Did you know that 1 in 4 teens will get in a crash during their first year of driving? That’s a scary statistic for parents.
Fortunately, most of those crashes will be fender benders. But no matter how serious the accident, it’s important for your teen to know the basics of what to do when a crash occurs.
It all starts with a conversation. Before your teen hits the road, have a chat about safe driving. You might want to talk about texting while driving, applying makeup behind the wheel or driving too fast on slippery roads. Experts say parents play a key role in preventing teen car crashes and deaths.
Next, make sure your teen knows what to do after an accident. Go over all the basics, including where to find the insurance information, who to call and what questions police officers might ask. Don’t worry if you can’t remember the process exactly. We’ve included a quick refresher that will help you, and your teen, know what to do once the car comes to a stop after a crash.
- Take a deep breath and check to see if anyone is hurt.
- Call the police and report any injuries.
- Move your vehicle to a safe location that doesn’t put you or police officers at risk. This may include a parking lot or a highway off-ramp. On a freeway, officers encourage drivers involved in minor collisions to take the nearest exit.¬†However, make sure you know your state laws on this step. Some states want motorists to remain where they are without moving the vehicle.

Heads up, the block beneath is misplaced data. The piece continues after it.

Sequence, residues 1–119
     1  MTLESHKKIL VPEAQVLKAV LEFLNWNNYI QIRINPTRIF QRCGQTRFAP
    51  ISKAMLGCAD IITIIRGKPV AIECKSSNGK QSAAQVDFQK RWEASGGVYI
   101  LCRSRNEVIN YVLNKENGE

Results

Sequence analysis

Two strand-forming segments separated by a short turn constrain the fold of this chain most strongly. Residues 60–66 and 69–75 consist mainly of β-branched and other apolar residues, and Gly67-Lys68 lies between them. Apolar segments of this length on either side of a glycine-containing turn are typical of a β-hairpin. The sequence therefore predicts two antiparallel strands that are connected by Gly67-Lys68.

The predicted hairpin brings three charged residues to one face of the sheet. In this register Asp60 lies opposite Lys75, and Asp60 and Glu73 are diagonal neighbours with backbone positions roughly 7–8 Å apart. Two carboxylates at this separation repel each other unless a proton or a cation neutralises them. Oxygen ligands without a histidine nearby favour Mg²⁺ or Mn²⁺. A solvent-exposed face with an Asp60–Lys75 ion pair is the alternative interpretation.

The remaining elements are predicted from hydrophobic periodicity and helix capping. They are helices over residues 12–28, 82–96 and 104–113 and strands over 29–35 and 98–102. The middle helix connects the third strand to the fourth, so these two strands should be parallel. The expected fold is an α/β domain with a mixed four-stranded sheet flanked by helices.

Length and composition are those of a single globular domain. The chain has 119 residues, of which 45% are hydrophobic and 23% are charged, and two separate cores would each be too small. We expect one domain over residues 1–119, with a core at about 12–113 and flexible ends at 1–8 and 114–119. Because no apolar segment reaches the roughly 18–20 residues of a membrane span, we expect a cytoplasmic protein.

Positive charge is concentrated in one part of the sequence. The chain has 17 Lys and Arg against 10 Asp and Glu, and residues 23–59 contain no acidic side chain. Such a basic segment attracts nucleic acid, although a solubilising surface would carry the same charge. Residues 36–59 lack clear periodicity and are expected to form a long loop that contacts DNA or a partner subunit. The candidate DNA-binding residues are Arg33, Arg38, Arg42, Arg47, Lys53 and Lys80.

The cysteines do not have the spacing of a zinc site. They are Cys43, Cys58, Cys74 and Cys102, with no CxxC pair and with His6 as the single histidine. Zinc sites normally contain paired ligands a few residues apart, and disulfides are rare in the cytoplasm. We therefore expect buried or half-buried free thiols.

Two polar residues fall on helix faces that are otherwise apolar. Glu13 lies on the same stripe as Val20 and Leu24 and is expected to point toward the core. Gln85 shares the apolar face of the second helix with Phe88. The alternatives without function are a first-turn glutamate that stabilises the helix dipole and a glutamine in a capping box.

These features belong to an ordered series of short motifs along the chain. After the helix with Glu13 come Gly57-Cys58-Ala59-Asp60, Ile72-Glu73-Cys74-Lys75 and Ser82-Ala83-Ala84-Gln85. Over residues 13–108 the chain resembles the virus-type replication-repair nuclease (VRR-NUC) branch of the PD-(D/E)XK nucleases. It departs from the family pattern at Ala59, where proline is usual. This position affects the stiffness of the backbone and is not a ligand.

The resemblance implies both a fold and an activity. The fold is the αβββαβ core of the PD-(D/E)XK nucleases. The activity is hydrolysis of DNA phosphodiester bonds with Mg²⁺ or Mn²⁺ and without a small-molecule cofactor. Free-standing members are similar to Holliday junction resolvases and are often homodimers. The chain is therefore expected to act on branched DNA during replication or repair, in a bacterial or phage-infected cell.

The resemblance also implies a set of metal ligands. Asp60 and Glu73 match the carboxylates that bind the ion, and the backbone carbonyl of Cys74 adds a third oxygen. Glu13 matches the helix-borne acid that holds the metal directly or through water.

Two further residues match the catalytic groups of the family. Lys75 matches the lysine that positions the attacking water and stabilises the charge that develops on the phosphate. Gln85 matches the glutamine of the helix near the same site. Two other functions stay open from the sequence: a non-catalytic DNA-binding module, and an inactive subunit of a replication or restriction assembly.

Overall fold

- Don’t get into a confrontation with the other driver. Information can be exchanged with the other driver, but don’t discuss fault. That’s up to the police. Jot down the names and phone numbers of any witnesses.
- Carry a driver license with you and know where the vehicle registration and insurance information are located.
- Call your parents.
A car accident can be a harrowing experience for younger drivers. So make sure your teen driver is prepared. And let them know that their safety is the most important thing on your mind.this page